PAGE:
About the Lachine Curling Club
The Lachine curling club began when Canada was celebrating its first quarter century. The enterprising men who were establishing the industries and companies that would bring Canada into the 20th Century needed ways to relax and many of them enjoyed skating with their families during the long Canadian winters. At Lachine, a popular spot for this winter recreation was the ice on a creek that flowed through the present site of the Lachine General Hospital. When community leaders recommended that a skating rink be constructed, Albert Dawes, owner of Dawes Brewery, offered them a piece of land east of 32nd so that the Lachine Skating Club could be founded in 1887. By 1891, a club house was built where skaters could warm their toes.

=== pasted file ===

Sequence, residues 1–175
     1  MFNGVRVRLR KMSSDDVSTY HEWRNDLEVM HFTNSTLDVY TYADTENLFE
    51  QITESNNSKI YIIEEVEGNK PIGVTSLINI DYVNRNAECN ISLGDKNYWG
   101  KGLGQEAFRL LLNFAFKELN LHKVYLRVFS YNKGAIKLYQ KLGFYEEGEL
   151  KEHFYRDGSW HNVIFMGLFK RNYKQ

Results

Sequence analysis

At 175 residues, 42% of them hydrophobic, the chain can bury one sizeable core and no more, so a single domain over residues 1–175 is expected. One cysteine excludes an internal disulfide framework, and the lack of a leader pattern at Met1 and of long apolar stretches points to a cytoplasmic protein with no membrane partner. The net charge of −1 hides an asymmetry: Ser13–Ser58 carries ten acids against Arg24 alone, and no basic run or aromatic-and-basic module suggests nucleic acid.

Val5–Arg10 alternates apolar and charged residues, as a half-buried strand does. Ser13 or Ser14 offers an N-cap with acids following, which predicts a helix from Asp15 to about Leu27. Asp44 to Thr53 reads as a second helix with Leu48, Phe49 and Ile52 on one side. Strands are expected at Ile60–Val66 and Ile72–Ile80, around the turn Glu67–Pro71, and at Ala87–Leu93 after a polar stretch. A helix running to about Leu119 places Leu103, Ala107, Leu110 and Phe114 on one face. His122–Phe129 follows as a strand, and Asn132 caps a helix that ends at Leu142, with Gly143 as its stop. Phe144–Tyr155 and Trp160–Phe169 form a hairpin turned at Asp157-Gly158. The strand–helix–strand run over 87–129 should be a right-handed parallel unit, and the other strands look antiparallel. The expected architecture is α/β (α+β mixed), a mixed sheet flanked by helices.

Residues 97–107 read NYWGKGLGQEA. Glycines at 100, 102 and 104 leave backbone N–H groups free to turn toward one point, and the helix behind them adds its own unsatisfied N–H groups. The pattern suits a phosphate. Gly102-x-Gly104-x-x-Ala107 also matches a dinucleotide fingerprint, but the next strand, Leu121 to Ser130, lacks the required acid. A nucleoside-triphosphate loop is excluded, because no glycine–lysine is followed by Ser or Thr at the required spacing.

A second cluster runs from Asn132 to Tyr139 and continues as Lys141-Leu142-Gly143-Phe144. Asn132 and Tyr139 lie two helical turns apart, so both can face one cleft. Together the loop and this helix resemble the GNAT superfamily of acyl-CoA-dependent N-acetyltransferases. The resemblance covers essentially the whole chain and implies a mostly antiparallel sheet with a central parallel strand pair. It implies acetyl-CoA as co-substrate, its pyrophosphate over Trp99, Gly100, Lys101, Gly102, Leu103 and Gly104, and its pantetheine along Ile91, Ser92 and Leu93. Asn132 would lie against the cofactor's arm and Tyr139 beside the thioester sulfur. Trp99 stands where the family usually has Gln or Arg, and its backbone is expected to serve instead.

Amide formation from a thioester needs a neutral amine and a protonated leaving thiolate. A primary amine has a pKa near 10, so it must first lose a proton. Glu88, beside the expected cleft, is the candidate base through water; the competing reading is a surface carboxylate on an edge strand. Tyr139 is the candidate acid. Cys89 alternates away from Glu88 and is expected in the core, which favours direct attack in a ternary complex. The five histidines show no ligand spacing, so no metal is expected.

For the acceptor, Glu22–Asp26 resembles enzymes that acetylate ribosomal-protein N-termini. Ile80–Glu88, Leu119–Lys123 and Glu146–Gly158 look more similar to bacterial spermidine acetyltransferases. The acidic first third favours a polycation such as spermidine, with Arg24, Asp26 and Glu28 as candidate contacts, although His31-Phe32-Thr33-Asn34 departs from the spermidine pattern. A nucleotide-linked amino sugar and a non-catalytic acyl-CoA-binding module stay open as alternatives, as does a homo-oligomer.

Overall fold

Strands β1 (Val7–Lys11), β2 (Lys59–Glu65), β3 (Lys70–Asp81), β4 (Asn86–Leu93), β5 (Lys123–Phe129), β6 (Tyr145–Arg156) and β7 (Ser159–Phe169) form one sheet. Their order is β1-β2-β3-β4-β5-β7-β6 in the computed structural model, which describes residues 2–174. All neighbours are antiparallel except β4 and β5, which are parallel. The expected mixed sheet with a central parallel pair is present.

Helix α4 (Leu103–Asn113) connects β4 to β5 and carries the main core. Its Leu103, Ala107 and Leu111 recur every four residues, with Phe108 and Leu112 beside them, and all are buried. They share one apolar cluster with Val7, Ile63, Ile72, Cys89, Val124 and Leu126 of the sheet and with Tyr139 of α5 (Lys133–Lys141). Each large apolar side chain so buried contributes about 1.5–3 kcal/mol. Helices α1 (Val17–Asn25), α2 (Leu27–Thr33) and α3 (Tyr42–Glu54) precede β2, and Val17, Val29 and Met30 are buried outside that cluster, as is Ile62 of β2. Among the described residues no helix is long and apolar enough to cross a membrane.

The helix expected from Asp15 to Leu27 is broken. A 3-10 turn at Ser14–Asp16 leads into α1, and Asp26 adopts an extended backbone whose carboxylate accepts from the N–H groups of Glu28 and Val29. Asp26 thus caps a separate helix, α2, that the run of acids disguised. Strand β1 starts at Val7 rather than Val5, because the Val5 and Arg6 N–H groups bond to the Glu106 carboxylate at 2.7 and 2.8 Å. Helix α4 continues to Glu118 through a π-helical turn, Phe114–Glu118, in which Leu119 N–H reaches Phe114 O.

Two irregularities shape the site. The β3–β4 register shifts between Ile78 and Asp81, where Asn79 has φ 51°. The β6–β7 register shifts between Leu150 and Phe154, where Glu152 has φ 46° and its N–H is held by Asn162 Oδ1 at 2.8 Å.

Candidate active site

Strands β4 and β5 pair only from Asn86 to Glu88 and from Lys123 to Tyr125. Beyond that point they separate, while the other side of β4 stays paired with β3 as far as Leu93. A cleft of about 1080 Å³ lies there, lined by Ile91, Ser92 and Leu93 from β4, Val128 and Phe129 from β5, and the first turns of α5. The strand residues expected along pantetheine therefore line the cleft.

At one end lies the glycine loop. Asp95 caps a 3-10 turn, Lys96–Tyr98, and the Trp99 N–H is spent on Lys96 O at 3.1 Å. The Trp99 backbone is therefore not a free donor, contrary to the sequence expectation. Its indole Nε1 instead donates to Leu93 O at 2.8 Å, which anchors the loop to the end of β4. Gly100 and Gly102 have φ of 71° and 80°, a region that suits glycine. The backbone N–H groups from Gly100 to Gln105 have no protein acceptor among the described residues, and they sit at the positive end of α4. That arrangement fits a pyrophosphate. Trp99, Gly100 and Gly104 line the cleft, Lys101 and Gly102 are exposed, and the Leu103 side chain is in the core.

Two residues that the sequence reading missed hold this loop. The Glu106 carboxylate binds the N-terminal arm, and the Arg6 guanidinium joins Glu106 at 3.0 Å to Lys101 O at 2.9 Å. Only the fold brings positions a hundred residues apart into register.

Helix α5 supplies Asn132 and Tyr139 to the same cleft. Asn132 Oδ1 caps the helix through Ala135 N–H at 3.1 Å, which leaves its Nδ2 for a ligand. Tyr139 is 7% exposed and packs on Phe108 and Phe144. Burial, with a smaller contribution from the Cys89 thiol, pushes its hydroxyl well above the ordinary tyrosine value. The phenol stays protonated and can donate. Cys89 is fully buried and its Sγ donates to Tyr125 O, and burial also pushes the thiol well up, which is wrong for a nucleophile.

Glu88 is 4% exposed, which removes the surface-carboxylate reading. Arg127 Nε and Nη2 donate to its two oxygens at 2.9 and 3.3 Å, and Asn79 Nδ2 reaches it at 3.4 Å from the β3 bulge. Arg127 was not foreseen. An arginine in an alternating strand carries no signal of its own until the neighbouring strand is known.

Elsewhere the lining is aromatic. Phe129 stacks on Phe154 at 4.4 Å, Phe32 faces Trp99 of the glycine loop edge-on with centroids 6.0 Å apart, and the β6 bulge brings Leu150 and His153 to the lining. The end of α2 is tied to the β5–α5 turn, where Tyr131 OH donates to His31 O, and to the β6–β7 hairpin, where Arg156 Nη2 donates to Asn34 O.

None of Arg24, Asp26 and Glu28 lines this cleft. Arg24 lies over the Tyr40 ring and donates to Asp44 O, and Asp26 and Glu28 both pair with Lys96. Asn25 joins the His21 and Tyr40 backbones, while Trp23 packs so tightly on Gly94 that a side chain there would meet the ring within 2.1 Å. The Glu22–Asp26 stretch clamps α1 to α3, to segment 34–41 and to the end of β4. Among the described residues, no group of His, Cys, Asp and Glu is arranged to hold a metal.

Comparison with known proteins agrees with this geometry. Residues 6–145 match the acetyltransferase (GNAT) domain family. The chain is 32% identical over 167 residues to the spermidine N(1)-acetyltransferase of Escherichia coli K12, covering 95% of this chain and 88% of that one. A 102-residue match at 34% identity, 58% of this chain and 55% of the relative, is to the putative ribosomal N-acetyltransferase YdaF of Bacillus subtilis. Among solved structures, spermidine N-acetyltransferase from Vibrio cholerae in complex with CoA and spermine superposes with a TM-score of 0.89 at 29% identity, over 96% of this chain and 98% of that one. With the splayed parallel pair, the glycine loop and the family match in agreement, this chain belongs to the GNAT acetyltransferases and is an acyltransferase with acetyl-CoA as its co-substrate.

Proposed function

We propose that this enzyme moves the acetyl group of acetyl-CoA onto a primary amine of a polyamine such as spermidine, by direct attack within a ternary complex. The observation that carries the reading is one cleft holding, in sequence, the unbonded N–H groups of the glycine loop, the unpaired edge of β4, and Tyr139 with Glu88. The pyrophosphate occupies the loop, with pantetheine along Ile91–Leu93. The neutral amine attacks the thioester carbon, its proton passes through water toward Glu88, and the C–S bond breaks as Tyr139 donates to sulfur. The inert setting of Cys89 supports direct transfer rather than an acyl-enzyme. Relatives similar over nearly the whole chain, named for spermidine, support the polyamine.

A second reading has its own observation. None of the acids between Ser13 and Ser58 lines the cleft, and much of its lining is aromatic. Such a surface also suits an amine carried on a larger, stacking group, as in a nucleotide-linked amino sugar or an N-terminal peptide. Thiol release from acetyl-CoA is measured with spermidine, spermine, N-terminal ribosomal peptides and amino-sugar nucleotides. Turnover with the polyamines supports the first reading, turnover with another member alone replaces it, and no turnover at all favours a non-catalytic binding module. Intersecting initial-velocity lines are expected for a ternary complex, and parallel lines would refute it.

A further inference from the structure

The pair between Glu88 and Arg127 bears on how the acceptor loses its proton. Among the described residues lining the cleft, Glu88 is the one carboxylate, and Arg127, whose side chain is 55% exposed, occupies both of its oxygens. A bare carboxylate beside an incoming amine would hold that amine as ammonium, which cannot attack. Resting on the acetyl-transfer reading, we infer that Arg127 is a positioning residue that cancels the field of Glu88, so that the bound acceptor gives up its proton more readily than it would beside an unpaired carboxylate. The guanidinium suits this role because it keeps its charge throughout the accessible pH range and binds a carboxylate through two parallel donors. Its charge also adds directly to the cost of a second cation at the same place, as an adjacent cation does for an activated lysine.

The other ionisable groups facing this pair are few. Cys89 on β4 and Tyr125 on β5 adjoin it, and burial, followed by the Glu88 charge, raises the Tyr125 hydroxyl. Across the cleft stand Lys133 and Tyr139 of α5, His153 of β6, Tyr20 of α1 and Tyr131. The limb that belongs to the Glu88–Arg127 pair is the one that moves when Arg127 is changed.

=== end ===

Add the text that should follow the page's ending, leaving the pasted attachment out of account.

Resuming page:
In 1892, some of the club members, led by Mr. Philips, recommended the Scottish sport of curling to the winter program and a resolution was passed. As the Lachine Skating club was becoming the nucleus of curling in the West Island, the L.S.C. applied and was accepted into the Canadian Branch of the Royal Caledonia Curling Club. With this acceptance, the club changed its name to the Lachine skating and Curling Club.
Read the history in more detail